Lyravox Karlsson Monolith
The compact Lyravox Karlsson Monolith is a fantastic monitor loudspeaker. With the additional bass called Sub, the "tower" is created, which costs at least 40,000 euros, but is clearly one of the best that this price range has to offer (Photo: Lyravox)

Test Lyravox Karlsson Tower: close to perfection

When we had the Lyravox Karlsson in our listening room for a few weeks, the small active monitor (now called Karlsson Monolith) instantly won the hearts of all LowBeats ‘ colleagues. So much precision, resolution and joy of playing is rare, especially when packaged so attractively – in noble, rock-hard artificial stone. The only thing Karlsson is naturally not so good at is the lowest octaves. There is a lot coming, but not with the appropriate pressure. The Lyravox makers have now created a (still comparatively small) bass extension that elevates the Karlsson to the status of a tower. And that is to be taken literally: The Lyravox Karlsson Tower really is an uplifting experience.

“A feat”, some people will now say, referring to the price tag. The Karlsson is available from 16,000 euros, as a tower it costs at least 40,000 euros. But: Although I’m always a bit of a stranger to hi-fi components in this price range, I still consider the value of Karlsson and Karlsson Tower to be real. That’s because it’s packed with the finest ingredients. And because all these ingredients result in an enduringly delicious menu…

The special features of the Lyravox Karlsson Tower

First, a brief review of the compact monitor, which is a lot of fun on its own. The Karlsson is an active 2-way compact monitor that is available with (17,000 euros) or without an integrated DSP preamp (16,000 euros) and works as a master/slave system. At this point, I would like to refer you to our extensive individual test from June last year. The Karlsson scored almost 100% of our rating scale with 4.9 stars – which is exceptional considering its ambitious price. But I just couldn’t find a fly in the ointment. In the standard configuration, it is a superior active monitor that, with the exception of one source, needs nothing more and leaves nothing to be desired in terms of sound – also because the Lyravox team perfectly calibrates it to the respective listening room and/or the buyer’s taste.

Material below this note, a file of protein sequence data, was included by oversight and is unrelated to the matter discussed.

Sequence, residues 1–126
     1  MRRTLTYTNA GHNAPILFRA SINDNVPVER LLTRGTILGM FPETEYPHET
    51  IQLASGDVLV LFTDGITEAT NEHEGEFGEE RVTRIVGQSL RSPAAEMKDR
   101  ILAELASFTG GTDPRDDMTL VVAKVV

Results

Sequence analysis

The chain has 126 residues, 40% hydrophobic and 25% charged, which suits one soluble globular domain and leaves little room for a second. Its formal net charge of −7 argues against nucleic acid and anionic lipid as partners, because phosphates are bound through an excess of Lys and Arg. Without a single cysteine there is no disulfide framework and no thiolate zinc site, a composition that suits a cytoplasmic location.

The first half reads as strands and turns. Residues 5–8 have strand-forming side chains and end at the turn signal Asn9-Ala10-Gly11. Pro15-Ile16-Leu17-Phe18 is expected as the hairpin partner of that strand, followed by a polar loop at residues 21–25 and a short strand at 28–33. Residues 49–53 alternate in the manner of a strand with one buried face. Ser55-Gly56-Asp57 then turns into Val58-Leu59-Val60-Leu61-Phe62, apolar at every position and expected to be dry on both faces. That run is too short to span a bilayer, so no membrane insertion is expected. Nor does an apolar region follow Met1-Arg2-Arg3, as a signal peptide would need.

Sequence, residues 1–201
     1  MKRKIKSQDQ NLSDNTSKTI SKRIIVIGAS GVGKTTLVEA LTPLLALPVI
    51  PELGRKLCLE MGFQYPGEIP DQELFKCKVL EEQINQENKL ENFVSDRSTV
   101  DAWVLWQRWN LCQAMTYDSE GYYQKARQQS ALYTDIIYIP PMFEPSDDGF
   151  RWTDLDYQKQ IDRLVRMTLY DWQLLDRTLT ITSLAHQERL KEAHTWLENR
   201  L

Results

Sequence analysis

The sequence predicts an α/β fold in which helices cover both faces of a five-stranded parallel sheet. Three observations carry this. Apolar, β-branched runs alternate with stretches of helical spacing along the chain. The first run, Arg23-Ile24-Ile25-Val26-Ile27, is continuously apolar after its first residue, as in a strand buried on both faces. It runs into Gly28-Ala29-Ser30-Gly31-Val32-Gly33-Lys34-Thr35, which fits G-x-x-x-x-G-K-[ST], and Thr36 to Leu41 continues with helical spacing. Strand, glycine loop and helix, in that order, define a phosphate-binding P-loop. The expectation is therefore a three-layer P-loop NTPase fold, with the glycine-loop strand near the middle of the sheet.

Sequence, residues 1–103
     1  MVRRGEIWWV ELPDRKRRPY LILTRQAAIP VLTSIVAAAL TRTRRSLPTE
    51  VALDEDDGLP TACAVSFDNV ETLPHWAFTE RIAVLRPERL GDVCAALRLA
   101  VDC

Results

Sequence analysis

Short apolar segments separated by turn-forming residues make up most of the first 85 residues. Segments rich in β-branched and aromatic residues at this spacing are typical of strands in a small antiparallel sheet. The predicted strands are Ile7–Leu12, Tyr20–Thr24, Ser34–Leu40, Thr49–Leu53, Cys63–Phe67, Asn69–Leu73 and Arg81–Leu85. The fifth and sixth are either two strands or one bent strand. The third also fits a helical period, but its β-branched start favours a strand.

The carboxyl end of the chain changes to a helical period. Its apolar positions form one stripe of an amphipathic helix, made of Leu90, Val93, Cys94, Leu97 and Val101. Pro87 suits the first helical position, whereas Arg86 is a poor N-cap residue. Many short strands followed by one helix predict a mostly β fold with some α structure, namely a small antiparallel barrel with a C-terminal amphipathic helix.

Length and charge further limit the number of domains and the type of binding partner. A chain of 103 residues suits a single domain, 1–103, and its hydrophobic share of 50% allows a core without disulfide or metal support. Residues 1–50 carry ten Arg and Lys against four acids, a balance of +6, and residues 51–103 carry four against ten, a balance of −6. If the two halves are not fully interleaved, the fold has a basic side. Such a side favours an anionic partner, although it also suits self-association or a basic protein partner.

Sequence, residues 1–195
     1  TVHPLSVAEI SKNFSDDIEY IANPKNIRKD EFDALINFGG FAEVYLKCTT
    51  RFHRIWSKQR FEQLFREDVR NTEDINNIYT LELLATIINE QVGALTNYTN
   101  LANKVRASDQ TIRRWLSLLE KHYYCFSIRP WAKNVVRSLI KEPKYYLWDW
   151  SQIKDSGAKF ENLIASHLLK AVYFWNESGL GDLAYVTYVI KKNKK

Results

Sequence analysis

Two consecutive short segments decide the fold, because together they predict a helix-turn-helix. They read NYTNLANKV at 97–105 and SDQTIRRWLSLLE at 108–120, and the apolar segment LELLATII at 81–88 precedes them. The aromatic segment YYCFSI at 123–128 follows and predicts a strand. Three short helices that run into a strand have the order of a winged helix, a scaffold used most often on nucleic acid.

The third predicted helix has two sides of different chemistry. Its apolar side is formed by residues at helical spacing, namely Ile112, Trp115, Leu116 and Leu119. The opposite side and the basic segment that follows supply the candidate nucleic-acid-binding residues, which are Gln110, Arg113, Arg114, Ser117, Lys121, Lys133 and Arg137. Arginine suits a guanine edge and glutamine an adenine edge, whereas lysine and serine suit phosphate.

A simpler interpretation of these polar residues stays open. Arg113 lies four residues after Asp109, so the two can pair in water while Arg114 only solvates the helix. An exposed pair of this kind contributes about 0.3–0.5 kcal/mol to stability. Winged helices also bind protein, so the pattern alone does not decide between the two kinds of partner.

This calibration procedure takes about a day and costs an additional 990 euros. But because the two Lyravox makers, Götz von Laffert and Jens Wietschorke, are both likeable and knowledgeable, this calibration is usually a highly entertaining process. In any case, it’s worth it: even with an enormous amount of prior knowledge, you won’t be able to get a Lyravox as spot on as the two Hamburgers – who still take the opportunity to identify one or two weaknesses in the existing chain and give helpful tips on how to improve it.

The Lyravoxers don’t even stop at venerable institutions like LowBeats: “As a precaution, we’ve connected our streamer and completely replaced the cables,” I hear them say. And before I could gruffly say anything about a recorded reference chain and the like, I had to admit (once again) that the Lyravox setup sounded a bit better than the LowBeats chain

Lyravox Karlsson Jens Wietschorke, Götz von Laffert
Lyravox developer Jens Wietschorke (left) is only here playing the grim man. Like Lyravox CEO Götz von Laffert (right), he is an extremely witty contemporary and never ceases to amaze with his great knowledge – and not just of his speakers (Photo: H. Biermann)

Like all Lyravox models, Karlsson is predominantly equipped with the sinfully expensive Accuton drivers from Thiel & Partner in Pulheim. These drivers have a uniquely good reputation, which is why they can be found in the best and most expensive speakers in the world. When we tested the Karlsson Monolith, we had it fitted with the classic 25 mm ceramic dome tweeter from Accuton. For the latest test of the Karlsson Tower, the Lyravox makers provided us with the D version with the diamond tweeter (Accuton Cell BD25 diamond, surcharge: 8,890 euros/pair).

Lyravox Karlsson Tower diffuse-field tweeter
As is typical for Lyravox, there is a diffuse-field tweeter on the top. This is an Air Motion Transformer (not from Accuton this time), which plays from around 6,000 Hertz upwards and makes the sound somewhat higher, lighter and finer (Photo: F. Borowski)

I want to deal with the subject of tweeters briefly at this point. The Diamant is certainly the better driver; in a blind test, nine out of ten experienced listeners would describe it as more discreet, finer, more open and ultimately better. But the ceramic dome tweeter – when used correctly – is hardly any worse. At times it seems a touch harder, but also more dynamic. And the fact that the diamond dome tweeter costs almost 9,000 euros extra (pair) clearly tips the pendulum in my favor of the normal ceramic dome tweeter.